Oregon State Archives history
Prior to 1946 no unified approach existed for preserving historical state records in Oregon. The Secretary of State had custody of the records of the Legislative Assembly and the Governor. All other departments and agencies cared for their own records. Some records of defunct agencies had been deposited with the Secretary of State or with the State Library, however many were presumably destroyed. The Oregon Historical Society in Portland held the Oregon provisional and territorial government records at the request of the Secretary of State because of a lack of suitable storage space in Salem. A large number of records documenting state government in the late 19th and early 20th centuries had disappeared over the years. Moreover, the fire that destroyed the state Capitol in 1935 consumed additional valuable records.
World War II played a significant part in the efforts to create a state archives. Only weeks after the attack on Pearl Harbor in 1941, the Committee on the Conservation of Cultural Resources organized. Concern for the safety of historical records in the event of enemy air raids occupied much of the early committee discussion. The resulting research into how and where records were housed led to the realization that many valuable records were in danger of destruction because of neglect.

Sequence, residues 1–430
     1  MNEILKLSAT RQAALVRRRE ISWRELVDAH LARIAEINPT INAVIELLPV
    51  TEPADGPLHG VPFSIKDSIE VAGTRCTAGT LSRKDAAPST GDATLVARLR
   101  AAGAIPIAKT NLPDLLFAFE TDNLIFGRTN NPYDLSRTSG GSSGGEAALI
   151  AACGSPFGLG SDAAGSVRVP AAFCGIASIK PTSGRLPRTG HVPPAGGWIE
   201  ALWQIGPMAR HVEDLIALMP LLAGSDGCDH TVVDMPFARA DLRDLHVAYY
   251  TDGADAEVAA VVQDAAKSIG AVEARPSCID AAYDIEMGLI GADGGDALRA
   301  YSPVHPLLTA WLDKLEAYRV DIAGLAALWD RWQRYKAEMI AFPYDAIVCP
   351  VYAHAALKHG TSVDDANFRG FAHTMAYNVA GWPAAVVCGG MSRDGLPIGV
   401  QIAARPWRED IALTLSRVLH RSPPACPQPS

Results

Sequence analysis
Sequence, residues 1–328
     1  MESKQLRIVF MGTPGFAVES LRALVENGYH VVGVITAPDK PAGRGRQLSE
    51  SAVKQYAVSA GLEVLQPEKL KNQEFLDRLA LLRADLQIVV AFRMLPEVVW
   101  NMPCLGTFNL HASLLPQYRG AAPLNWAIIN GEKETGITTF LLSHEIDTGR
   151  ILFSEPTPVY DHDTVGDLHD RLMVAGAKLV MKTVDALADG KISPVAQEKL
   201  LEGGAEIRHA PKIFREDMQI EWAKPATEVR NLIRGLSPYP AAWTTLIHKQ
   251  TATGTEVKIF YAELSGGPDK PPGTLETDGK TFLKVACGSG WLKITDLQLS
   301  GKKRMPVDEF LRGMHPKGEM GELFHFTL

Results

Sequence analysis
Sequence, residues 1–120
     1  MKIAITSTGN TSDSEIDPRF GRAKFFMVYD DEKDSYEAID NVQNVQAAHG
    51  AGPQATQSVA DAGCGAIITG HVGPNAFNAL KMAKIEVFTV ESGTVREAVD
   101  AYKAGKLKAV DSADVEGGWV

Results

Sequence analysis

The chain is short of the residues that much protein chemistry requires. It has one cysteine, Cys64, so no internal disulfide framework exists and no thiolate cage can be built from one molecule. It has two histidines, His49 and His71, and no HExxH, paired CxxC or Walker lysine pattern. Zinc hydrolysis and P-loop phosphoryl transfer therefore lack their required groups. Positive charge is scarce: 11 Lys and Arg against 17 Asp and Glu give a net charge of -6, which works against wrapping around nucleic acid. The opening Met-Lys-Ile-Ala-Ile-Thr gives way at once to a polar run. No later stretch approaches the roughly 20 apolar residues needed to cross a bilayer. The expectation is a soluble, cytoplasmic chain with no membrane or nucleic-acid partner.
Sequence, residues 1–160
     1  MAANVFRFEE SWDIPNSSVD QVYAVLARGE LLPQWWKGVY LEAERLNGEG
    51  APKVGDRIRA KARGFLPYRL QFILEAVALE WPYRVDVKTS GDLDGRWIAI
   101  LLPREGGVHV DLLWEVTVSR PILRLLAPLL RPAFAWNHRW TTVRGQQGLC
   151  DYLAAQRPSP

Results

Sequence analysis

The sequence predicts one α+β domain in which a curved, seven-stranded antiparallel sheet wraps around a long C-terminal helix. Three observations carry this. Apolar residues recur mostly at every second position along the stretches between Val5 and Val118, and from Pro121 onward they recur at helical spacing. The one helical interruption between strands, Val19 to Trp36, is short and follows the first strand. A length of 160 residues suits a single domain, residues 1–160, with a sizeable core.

The 1945 Legislative Assembly allocated a small amount of money to start the program under the State Library and David Duniway was soon hired as Oregon's first state archivist. He set up shop in the basement of the State Library Building, developing policies and procedures designed to improve government record keeping and preserve the most valuable documents.
Over the years the program needed more space and staff to keep up with expanding state government. Holdings grew from 406 cubic feet in 1946 to over 12,000 cubic feet in 1972 (not counting the 37,000 cubic feet of non-permanent records held in the State Records Center). Eventually, the operation moved into a large warehouse with four floors of storage. The Legislative Assembly transferred control of the program to the Oregon Secretary of State in 1973 to better consolidate jurisdiction over record related issues in one office. Further growth and the need for climate controlled storage areas led to the opening of the current Archives Building in 1991.
It was constructed on state-owned land bordered by Summer, "D", and Capitol streets and Mill Creek. The two-story building encompasses 50,000 square feet. There is underground parking for 26 vehicles and surface parking for 16 vehicles. The building includes a research area for patrons, a public meeting room, an exhibit area and 50,000 cubic feet of storage. The storage area has a closely monitored environment, and includes two vaults, one for a variety of media and the other for microfilm. The exterior facade is marble with granite elements in a variety of surface finishes.
For a more detailed history of the first 25 years of the program, see The Duniway Years at the State Archives, 1946-1972.